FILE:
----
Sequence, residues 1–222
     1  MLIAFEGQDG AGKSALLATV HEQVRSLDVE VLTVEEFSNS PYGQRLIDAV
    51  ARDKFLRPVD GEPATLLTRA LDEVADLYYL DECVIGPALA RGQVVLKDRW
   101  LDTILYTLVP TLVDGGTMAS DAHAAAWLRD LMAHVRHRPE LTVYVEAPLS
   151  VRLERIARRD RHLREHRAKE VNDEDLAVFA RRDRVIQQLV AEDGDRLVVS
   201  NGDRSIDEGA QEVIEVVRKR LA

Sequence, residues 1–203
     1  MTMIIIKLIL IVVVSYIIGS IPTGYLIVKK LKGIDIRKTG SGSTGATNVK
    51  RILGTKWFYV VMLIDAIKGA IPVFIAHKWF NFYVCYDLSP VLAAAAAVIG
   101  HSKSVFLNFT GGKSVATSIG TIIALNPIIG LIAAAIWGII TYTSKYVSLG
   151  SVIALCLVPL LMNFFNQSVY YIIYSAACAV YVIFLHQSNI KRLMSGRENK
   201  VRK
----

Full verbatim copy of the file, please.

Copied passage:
Sequence, residues 1–222
     1  MLIAFEGQDG AGKSALLATV HEQVRSLDVE VLTVEEFSNS PYGQRLIDAV
    51  ARDKFLRPVD GEPATLLTRA LDEVADLYYL DECVIGPALA RGQVVLKDRW
   101  LDTILYTLVP TLVDGGTMAS DAHAAAWLRD LMAHVRHRPE LTVYVEAPLS
   151  VRLERIARRD RHLREHRAKE VNDEDLAVFA RRDRVIQQLV AEDGDRLVVS
   201  NGDRSIDEGA QEVIEVVRKR LA

Sequence, residues 1–203
     1  MTMIIIKLIL IVVVSYIIGS IPTGYLIVKK LKGIDIRKTG SGSTGATNVK
    51  RILGTKWFYV VMLIDAIKGA IPVFIAHKWF NFYVCYDLSP VLAAAAAVIG
   101  HSKSVFLNFT GGKSVATSIG TIIALNPIIG LIAAAIWGII TYTSKYVSLG
   151  SVIALCLVPL LMNFFNQSVY YIIYSAACAV YVIFLHQSNI KRLMSGRENK
   201  VRK